National Geographic : 2009 May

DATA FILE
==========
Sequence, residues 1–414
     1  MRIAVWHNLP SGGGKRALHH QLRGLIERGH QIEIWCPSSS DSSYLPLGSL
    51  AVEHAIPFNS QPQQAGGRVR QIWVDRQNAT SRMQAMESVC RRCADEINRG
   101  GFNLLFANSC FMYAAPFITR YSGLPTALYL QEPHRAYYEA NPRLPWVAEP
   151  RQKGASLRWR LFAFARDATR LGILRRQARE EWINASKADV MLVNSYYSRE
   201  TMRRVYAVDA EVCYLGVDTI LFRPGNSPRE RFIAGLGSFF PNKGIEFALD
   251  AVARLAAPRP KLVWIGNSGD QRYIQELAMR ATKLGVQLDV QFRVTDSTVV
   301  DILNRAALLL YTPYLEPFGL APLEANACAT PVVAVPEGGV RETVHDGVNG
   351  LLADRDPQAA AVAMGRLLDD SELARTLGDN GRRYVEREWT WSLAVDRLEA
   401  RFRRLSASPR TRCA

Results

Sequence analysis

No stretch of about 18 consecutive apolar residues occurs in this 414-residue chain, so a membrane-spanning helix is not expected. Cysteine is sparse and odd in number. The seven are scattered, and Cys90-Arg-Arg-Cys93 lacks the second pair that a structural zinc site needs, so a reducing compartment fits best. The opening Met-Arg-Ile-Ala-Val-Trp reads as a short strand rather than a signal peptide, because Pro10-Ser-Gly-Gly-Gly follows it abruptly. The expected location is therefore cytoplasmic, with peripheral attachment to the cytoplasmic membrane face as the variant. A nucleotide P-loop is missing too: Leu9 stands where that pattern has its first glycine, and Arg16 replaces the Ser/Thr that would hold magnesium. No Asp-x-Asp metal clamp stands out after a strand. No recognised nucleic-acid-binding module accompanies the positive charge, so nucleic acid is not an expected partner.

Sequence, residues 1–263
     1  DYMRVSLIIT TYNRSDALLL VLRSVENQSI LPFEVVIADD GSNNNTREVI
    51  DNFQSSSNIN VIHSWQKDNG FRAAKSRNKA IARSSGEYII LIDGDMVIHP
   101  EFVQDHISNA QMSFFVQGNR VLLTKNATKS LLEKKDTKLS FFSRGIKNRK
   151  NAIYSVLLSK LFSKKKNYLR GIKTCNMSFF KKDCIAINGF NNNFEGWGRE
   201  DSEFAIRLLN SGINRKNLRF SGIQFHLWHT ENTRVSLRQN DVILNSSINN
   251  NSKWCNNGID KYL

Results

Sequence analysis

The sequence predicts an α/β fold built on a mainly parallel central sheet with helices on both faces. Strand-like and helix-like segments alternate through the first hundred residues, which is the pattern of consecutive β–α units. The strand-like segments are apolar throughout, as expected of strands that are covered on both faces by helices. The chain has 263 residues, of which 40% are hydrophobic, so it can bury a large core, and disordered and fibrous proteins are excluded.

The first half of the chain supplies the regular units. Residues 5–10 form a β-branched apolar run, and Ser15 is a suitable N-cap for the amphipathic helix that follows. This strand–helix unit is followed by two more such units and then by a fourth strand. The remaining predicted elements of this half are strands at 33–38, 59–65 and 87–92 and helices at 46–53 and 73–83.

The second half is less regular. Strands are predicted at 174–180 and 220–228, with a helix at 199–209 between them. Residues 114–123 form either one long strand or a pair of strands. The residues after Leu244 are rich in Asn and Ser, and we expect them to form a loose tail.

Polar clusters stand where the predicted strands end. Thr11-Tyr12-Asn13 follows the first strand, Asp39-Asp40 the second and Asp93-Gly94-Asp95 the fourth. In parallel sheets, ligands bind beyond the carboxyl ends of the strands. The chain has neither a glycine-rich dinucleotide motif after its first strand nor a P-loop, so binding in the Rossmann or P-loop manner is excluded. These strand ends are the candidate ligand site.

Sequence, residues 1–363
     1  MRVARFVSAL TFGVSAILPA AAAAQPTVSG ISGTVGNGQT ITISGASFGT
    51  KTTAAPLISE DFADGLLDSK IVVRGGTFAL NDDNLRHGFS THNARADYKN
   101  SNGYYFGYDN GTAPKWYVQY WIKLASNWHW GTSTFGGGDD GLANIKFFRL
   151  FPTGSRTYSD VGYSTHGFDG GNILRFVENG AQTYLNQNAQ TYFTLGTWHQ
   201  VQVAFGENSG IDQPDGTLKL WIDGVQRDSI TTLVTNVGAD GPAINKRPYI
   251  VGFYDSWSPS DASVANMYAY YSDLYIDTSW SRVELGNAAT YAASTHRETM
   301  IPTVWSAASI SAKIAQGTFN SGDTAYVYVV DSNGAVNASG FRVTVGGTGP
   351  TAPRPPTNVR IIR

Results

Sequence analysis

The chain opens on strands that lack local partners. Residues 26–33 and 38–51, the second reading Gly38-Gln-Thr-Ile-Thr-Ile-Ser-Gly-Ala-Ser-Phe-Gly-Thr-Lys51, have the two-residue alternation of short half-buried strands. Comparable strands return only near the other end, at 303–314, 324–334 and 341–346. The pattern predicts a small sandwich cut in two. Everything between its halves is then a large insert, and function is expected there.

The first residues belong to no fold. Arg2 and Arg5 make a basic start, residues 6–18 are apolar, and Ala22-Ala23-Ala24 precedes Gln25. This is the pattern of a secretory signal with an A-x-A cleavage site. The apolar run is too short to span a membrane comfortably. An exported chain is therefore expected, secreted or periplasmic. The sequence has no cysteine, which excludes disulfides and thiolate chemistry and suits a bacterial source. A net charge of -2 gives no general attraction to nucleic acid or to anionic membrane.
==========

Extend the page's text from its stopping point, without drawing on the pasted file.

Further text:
• is is a story about the changing Arctic, but not only in the ways we expect. e changes most important to its future may be those from millions of years in its past, from times between the Triassic and early Tertiary, when the major basins in the Arctic were just being formed. Pieces of the supercontinent Pangaea were dri ing apart, and at times greenhouse gases warmed the world to far hotter than it is today. One might say that parts of the Arctic were, for a time, almost tropical---to some degree because temperatures were higher globally, but more so because parts of the Arctic have not always been in the Arctic: Some dri ed north, over geologic time, from warmer latitudes. e creation of oil and gas deposits requires the right mix of organic material, heat, rock, pressure, and pas- sage of time---and it may be hard to look at the Arctic today and imagine that it ever had enough organic life, enough heat. But for geolo- gists, it is hard to imagine that it did not. Now the oor of the Arctic Ocean appears to be rich in petroleum---home, according to some estimates, to nearly a quarter of the world s undiscovered supply. Sea ice is melting drastically, opening the sea to shipping and the sea oor to mineral exploration. And that sea oor is being eyed by the ve countries bordering it---Canada, Denmark (which controls Greenland), Norway, Russia, and the U.S.---all hoping to claim a piece. ON A DREARY THURSDAY EXACTLY two weeks after Chilingarov s ag planting, the oceanographer leading the United States Arctic e ort sits in a Mexican restaurant in Barrow, Alaska, the northernmost town in North America. It is a strange place to be eat- ing chips and salsa, and it is a strange time to be Larry Mayer, a University of New Hampshire professor who is one of the world s few experts in what it takes to claim the ocean oor. Until recently, his task has been obscure; now, thanks to Chilingarov, journalists are calling daily, and foreign governments are watching. Assembled in the restaurant are 21 others---18 scientists, two guys from the State Department, and me--- and tomorrow we begin a month-long survey of what may someday become the American Arctic. e Healy, the newest of the U.S. Coast Guard s three aging polar icebreakers, is just offshore, and we will be shuttled to it, three at a time, in a rented helicopter. Before we go, Mayer has a request, one that acknowledges how di erent things are this year: "No photos of American ags," he says. Everybody laughs. "No, I m serious," he says. "If a picture gets out in the press, we ve got big problems." For all the talk of con ict in the Arctic, there is broad agreement among northern nations, Russia included, on how to claim a piece of it: You map it. Maps matter because the shape and geology of the sea oor matter, and the shape and geology of the sea oor matter thanks to an article in the 1994 UN Convention on the Law of the Sea, a playbook for partition that has been rati ed by 156 countries. (Because of obstructionism by a few UN-wary senators, the U.S. is not yet among them, but it is acting as if it is.) Under the treaty, if a state wants to grow its maritime boundaries past the customary 200 nautical miles, it must prove that the ocean bot- tom is continental in origin---part of its same landmass, only underwater. Political questions can have scienti c answers. So politicians have turned to scientists---oceanographers like Mayer for the sea oor s shape and seismic surveyors for its underlying geology---to build their case. Only Norway has a Law of the Sea submission under active review; the U.S., Canada, Den- mark, and Russia are still busy mapping. Since 2003 Mayer s State Department--directed missions have been charting around the Chukchi Plateau, an undersea ridge that extends nearly 600 miles north of Barrow. His job, he says, is simply to discover what lies beneath the world s least explored ocean; politicians can squabble over what these discoveries mean. e ocean- ographer s cliché is that we know more about the surface of the moon than about the sea oor, McKenzie Funk s book about climate change, Best Laid Plans, will be published by Penguin Press. is is his rst story for National Geographic.